A Healer and Teacher: Sons Fund Scholarship to Honor Father

Eric and Lanny Grossman established a Miller School of Medicine scholarship in support of their father’s devotion to education.

The Grossman family: Philip, Lanny and Eric

When brothers Eric and Lanny Grossman decided to pay tribute to their father, Philip Grossman, M.D., an esteemed gastroenterologist and longtime University of Miami Miller School of Medicine voluntary faculty member who is now facing cancer, they knew the best way to celebrate his legacy.

“My dad’s identity, more than anything, is as a healer and teacher,” said Eric Grossman.

To honor their father and the institution that embraced him for nearly 50 years, the Grossmans established an endowed scholarship to support students pursuing medical degrees at the Miller School. The scholarship will aid students whose approach to medicine focuses on the whole patient, using keen clinical skills to solve complex problems while caring for the person behind the condition, just as Dr. Grossman taught his medical students.

“It is super important that we get another generation of doctors who feel some notion of mission and duty to heal,” Eric Grossman said. “We will help fund the next generations of the Phil Grossmans of the world.”

“Every year there will be a student who is able to go to medical school without financial restriction. That person will go on to help so many others.
— Dr. Philip Grossman

“My brother and I are now proud to continue our father’s legacy of healing and teaching through the creation of this scholarship,” Lanny Grossman added.

Endowments like the Grossman scholarship help the Miller School attract the best and the brightest future clinicians, said Henri R. Ford, M.D., M.H.A., dean and chief academic officer of the Miller School.

“We are grateful to Dr. Grossman for his decades-long commitment to the Miller School and to the entire Grossman family for their generous support of our medical students,” Dean Ford said. “It is support like theirs that helps us educate the next generation of compassionate health care leaders.”

Dr. Larry Grossman
Dr. Philip Grossman

Philip Grossman came of age in the 1950s in a New Jersey suburb of New York City. After completing medical school, residency and a gastroenterology fellowship, Dr. Grossman pursued a career that would combine his passions: patient care, medical administration and academia.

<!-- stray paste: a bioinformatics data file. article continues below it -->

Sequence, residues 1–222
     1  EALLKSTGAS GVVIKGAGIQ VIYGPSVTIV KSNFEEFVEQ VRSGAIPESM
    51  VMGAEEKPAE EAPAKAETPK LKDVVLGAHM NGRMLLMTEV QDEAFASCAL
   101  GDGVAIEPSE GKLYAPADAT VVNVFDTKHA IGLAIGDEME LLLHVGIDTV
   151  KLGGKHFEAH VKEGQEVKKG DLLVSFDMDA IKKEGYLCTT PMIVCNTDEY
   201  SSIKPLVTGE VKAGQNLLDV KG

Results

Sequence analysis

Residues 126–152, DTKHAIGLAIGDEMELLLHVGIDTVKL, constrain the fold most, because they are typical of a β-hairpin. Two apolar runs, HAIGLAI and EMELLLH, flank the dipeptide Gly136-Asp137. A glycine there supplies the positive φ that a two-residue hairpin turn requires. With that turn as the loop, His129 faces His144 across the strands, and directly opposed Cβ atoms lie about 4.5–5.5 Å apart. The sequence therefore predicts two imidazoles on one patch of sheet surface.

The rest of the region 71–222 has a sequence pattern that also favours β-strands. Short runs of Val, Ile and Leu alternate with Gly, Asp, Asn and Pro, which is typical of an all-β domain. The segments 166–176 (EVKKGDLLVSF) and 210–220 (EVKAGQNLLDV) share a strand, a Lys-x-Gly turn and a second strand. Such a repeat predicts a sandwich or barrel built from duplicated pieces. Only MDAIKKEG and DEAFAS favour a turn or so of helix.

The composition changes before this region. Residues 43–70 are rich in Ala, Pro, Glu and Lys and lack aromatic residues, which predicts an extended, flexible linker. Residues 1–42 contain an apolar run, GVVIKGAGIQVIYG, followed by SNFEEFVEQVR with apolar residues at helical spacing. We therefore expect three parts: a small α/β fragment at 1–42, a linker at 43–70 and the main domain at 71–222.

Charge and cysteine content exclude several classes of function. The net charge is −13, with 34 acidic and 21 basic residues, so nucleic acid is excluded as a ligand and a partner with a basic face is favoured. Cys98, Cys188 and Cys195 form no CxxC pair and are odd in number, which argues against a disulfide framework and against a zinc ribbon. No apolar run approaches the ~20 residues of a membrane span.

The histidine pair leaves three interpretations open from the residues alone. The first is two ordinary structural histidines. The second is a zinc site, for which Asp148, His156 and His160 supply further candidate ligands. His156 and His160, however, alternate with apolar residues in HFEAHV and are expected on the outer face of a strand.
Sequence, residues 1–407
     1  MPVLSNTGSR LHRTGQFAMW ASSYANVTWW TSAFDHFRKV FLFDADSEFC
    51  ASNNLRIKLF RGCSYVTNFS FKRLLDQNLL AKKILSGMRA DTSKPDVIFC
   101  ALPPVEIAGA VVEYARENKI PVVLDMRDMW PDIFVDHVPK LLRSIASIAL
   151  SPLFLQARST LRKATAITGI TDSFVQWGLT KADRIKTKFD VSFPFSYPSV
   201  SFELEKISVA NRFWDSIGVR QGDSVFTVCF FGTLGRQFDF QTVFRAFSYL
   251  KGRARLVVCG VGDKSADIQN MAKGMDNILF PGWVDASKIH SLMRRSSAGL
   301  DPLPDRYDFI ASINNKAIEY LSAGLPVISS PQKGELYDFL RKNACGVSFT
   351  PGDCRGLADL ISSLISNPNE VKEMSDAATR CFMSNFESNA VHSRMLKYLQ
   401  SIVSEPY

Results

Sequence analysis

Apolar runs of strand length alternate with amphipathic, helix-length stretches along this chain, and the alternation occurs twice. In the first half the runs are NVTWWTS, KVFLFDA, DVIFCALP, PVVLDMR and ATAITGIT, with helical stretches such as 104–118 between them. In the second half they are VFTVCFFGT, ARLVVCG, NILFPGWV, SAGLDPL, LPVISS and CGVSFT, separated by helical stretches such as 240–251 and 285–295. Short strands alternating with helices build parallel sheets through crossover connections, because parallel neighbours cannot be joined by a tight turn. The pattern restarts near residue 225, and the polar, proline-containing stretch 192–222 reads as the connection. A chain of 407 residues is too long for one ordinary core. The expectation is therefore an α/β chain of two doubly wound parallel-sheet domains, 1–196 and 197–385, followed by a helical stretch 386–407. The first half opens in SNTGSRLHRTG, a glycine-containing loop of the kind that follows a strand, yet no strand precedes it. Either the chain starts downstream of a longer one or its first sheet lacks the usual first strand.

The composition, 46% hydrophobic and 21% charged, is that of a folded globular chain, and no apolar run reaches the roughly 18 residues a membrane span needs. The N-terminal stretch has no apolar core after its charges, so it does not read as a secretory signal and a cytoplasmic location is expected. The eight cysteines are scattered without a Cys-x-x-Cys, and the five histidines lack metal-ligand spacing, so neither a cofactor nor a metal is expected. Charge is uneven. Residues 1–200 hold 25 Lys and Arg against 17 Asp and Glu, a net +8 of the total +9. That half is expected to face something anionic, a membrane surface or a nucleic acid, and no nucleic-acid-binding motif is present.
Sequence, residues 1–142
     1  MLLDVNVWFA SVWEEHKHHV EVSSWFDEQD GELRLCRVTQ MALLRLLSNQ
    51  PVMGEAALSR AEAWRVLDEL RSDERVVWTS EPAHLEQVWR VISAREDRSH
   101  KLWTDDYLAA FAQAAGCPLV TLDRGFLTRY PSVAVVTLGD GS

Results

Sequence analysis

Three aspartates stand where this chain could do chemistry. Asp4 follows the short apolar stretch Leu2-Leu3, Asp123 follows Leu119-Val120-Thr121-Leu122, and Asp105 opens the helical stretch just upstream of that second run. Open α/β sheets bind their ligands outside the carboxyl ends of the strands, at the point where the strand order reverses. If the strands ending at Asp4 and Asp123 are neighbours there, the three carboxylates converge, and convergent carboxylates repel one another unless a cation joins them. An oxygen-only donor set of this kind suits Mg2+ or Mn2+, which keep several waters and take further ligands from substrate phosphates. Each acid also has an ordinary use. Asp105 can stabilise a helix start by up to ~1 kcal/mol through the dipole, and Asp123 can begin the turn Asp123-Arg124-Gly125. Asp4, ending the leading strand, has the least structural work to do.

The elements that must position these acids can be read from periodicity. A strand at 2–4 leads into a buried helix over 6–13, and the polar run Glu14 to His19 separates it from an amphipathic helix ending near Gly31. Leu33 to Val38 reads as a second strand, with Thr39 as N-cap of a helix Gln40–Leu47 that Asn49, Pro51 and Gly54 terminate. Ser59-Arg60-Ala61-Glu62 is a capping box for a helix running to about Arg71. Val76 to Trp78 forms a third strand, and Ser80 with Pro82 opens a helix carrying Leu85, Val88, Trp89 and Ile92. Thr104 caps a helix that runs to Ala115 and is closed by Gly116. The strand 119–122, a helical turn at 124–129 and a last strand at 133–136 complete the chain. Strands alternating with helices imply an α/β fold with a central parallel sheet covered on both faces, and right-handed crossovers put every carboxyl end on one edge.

“That’s not an easy trifecta to get,” Dr. Grossman said.

After landing the dual role of practicing gastroenterologist and gastroenterology department administrator at Cedars of Lebanon Hospital in 1978, Dr. Grossman offered his teaching skills to the University of Miami. He was appointed to the voluntary faculty in the role of assistant professor.

“I jumped in with both feet,” Dr. Grossman recalled, “and set out to recruit other practitioners to become involved in the teaching program.”

Dr. Grossman became a preceptor in the clinical skills program for first- and second-year medical students.

“I’d describe that as a course that taught the student how to go from books to people,” he said.

Dr. Grossman invited students to shadow him at his gastroenterology practice and apply their medical school knowledge with real-life patients.

“The idea was to get them to use all their resources,” he said. “I wanted to teach them how to think.”

The teaching went both ways. Dr. Grossman enjoyed hearing what his students were learning in their other classes and relished their insightful questions.

“If one of them asked a question that I didn’t have a ready answer for,” he said, “I sure as heck would make sure that I got the answer.”

As the decades passed, Dr. Grossman was promoted to associate professor and finally, in 2012, to full professor, a notable achievement for a voluntary faculty member. He retired from practice in 2018 but continued to attend grand rounds at the university.

Last year, Dr. Grossman visited the hospital with an eye problem. The ophthalmology resident who treated him was a former student.

“It was really an exciting reunion,” he said.

Husband to Lori, a proud grandfather and an avid boater who loves classical and Jewish music, Dr. Grossman also devoted years to philanthropy. He was a founding director and chair of the Health Foundation of South Florida, a nonprofit supporting the medically underserved.

“When I saw patients, I would help people one at a time,” Dr. Grossman said. “When I was chair of the foundation, I could help people hundreds at a time.”

Now, his sons are following his example by supporting future doctors in perpetuity.

“Every year there will be a student who is able to go to medical school without financial restriction,” Dr. Grossman said. “That person will go on to help so many others. So it really has a significant multiplier.”

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Tags: medical education, philanthropy, scholarships